“Is that right?”
“If we make it outta this thing ... you scribble us proud.”
Like everyone else in our booze-beaten brigade, Smithwesson and I gazed across the chaos. If it wasn’t Armageddon, some successor race would surely rewrite the end, the skull-strewn grounds of Golgotha trumped by a staid coliseum in the middle of—
“Is that Joe Namath flying a helicopter?”
“Grampa Joe!” screamed Dallas Flintlock. Forget the mind-bending Hieronymus Bosch parade; it was these two words—“Grampa Joe,” summoned forth with Christmas morn aplomb—that very nearly gave me an aneurism.
“Wait,” I implored as the rope ladder dropped, the boys frantically grabbing hold two by two. “Joe Namath is your f------ grandfather?!”
“Oh, you bet! How ya think I got into school?”
“You make a good point!”
Thirty seconds later, with Smithwesson and Gage the last to grab the bottom rung, our chariot began its ascent. As we climbed steadily higher, it became clear the anarchy was no longer confined to Bryant-Denny’s steel-borne walls. Even beyond its boundaries, fires belched and bloomed like ripples in the rain. For the first time that weekend, terror retreated, supplanted by something else entirely: sadness—that this ancient football structure, for decades a totem of titles and pride and lineage, would wear this badge no more.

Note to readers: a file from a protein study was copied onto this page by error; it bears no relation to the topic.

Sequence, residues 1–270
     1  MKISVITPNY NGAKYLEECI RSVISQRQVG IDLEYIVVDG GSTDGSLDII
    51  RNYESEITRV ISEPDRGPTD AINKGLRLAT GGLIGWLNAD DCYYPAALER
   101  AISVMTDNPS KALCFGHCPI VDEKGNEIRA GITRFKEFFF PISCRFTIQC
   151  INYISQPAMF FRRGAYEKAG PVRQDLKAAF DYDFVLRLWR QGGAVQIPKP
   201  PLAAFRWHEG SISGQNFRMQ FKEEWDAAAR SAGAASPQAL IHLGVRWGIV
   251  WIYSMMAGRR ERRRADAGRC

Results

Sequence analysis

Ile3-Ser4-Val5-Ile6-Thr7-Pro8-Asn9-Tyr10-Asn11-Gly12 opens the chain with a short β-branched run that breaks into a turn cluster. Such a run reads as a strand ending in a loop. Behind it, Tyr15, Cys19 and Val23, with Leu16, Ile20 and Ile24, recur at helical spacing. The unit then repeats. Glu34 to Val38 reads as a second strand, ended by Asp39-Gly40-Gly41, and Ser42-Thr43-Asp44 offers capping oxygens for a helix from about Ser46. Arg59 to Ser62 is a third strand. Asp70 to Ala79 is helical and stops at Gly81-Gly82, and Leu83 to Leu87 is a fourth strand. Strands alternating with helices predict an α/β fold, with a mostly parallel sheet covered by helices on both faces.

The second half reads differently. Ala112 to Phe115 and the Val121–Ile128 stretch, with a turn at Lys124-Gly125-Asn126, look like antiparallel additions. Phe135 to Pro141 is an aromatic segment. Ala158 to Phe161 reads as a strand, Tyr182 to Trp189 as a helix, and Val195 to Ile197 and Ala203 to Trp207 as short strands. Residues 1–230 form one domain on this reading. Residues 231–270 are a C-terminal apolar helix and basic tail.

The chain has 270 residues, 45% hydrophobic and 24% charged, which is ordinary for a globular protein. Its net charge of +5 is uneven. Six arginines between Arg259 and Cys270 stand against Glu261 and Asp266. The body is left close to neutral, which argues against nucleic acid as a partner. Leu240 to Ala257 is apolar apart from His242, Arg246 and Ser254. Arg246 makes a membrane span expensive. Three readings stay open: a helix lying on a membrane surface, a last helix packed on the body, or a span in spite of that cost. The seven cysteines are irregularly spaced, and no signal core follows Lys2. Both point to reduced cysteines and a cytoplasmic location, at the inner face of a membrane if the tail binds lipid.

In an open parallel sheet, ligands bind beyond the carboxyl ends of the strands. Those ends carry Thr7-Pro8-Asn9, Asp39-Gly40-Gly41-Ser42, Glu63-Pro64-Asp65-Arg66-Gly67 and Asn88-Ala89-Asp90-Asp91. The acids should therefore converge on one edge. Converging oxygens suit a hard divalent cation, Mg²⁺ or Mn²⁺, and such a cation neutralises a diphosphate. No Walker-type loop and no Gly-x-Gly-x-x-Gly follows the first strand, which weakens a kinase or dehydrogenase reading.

“You know they rebuild Bryant-Denny every year, right?” Houston Houston inquired.
“Oh s--- yeah—we burn this thing to the ground every season. Sometimes twice!”
“I had no idea.”
Just then, I remembered who was in the cockpit. Summoning one last adrenal drip, I launched myself into the unoccupied copilot’s seat. Namath, trademark mink and aviators throwing off a sage-wry warmth, toothed a smile through the snapping gum.
“You a friend of Dallas?”
“Yeah. Yeah, you can say that.”
“Those are good boys he runs with. Solid boys. Like oak.”
“Yeah. They are, aren’t they?”
I had no idea where we were going, or how long the ride would be. At that point, I wouldn’t have been surprised if Namath had sprouted wings through his back and morphed into Icarus, tilting us ever upward ‘til the sun swallowed us whole. But on we flew, straight and true, into the widening night. For a time, all you could hear was the whir of the blades above, cut every so often by the pop of rubber rung through those impossibly chiseled jaws.
Then, without warning, we began to descend. Recognizing my time in this country was coming to an end, desperate to cull some meaning from the mayhem I’d experienced, I turned to Namath and, with a Russert’s resolve, asked the only question capable of tilting that windmill down.
“You ever get that kiss from Suzy Kolber?”
“Son,” he said, teeth white enough to swaddle a cherub, coif so cocksure I swore it wore its own smile. “Bear Bryant once told me that when a grizzly gets to fishin', ain't no stream could steal his salmon."
“So are you the bear or the fish in this scenario?”
“Son, I don’t know,” Broadway Joe quips with a snicker. “Say, you know how to land one of these things?”
(If you haven't figure it out by now, you just read a truly glorious parody. All characters appearing in this work are fictitious. Any resemblance to real persons, living or dead, is purely coincidental. Or is it?)